Mouse models of IBD have shown that a compromised epithelium is sufficient to cause intestinal inflammation, and that resident microbial flora is necessary for colitis induction.33 An initiating event, whether genetic, immune, or environmental, that enhances barrier permeability can initiate activation of the innate immune system given the exceptional challenge provided by the dense microbial flora unique to the gut. Indeed, complete genetic deficiency of matriptase abrogates epithelial barrier function resulting in acute and severe inflammation along with massive tissue destruction.10 Although the minimal levels of matriptase expressed by St14 hypomorphic mice weaken barrier function, they do not result in spontaneous disease in the absence of an initiating trigger. Thus, the ST14 hypomorph represents a pathologically relevant model of disease susceptibility in patients who have increased intestinal epithelial permeability and are at risk of developing disease.
In the DSS model of colitis, an initiating trigger, e.g., exposure to DSS, causes damage to the epithelial layer and initiates activation of innate immune responses.25 Persistent inflammation associated with DSS injury in the ST14 hypomorphic mice was not caused by a more robust inflammatory response but was related to the inability to recover barrier function after the DSS insult was removed. Matriptase downregulation occurs secondary to the inflammatory response and, in control mice, restoration of normal matriptase levels during the recovery phase promotes colitis resolution. In St14 hypomorphic mice the inability to restore normal matriptase levels prevents gut barrier recovery and perpetuates the destructive inflammation. These data highlight the critical role of host barrier protective mechanisms in the resolution of colitis, which can become suppressed by excessive activation of the immune system that drives tissue damage.
The specific molecular pathways initiated by matriptase activity in the intestinal epithelium are incompletely understood.11 Matriptase colocalizes with E-cadherin to apical junctional complexes and evidence suggests that it is required for interepithelial junction formation.10, 11, 34 Matriptase has also been implicated in the control of epithelial-cell turnover by regulating cell-cell and/or cell-substratum adhesions,35 and in the removal of aged epithelial cells in the small intestine through detachment from the basement membrane component laminin.36 Substrates that are targeted by matriptase proteolytic activities in other cell systems,37 pro-urokinase-type plasminogen activator (pro-uPA) and protease activated receptor-2 (PAR-2) do not appear to mediate matriptase intestinal barrier protective activities, since mice deficient in uPA or PAR-2 do not show similar susceptibility to DSS-induced colitis (Fig. S6). Altered pericellular activation of HGF may be involved in this phenotype since matriptase is an activator of pro-HGF38 and HGF/c-met signaling is important for repair of injured mucosa.39, 40 Interestingly, conditional knockout of HAI-1 in the intestine of mice was shown recently to enhance susceptibility to DSS-induced colitis, possibly caused in part by deregulated matriptase activity.41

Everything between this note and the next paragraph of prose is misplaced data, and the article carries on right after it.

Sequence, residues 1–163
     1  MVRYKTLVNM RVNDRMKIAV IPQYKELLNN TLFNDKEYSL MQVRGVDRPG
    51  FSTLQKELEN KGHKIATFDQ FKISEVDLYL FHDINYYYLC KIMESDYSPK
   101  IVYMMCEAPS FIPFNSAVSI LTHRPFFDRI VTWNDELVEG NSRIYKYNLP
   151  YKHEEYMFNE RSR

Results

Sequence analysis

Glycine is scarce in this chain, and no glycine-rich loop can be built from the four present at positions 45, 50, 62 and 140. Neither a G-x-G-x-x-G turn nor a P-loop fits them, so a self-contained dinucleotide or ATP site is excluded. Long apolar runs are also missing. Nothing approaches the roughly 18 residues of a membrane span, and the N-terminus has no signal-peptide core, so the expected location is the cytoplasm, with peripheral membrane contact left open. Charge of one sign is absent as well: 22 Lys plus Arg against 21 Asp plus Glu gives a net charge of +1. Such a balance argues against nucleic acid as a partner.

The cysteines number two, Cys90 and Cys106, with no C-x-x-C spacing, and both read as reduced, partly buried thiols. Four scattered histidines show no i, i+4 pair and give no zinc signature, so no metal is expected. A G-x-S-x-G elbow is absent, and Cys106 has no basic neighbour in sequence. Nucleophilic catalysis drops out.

Increased inflammatory cytokine production is associated with mucosal inflammation, and studies in vitro and in animal models demonstrate that inflammatory cytokines associated with IBD cause tight junction barrier dysfunction.42 Matriptase is downregulated in inflamed intestinal epithelia of IBD patients (Fig 1A), and by the inflammatory cytokines IL-13 and IL-4 in in vitro cultures (Fig. 7A). IL-13 enhances barrier permeability in part by stimulating the synthesis of claudin-220, 26, 43 and we have shown that matriptase deficiency results in increased claudin-2 expression in both Caco-2 monolayers and in St14 hypomorph intestinal tissues.11 Endogenous mechanisms that regulate matriptase expression and activation in the gut are not currently known. Nonetheless, in vitro data suggest that restoration of matriptase expression and activity could interrupt the cytokine-mediated inflammatory cycle to promote epithelial repair and disease resolution.
While dysregulated inflammation induced by immunogen exposure is considered a major cause of mucosal tissue damage and injury in IBD, the present findings highlight the critical importance of host barrier repair mechanisms for restriction of the offending insult and its destructive consequences. Intestinal permeability has been shown to predict and possibly cause relapse in patients suffering from IBD.3, 44 A better understanding of the role of matriptase in controlling mucosal homeostasis by regulating the integrity and permeability of epithelial barrier function will be important since matriptase-based therapeutic strategies could have application for preventing, treating, or altering the natural progression of IBD.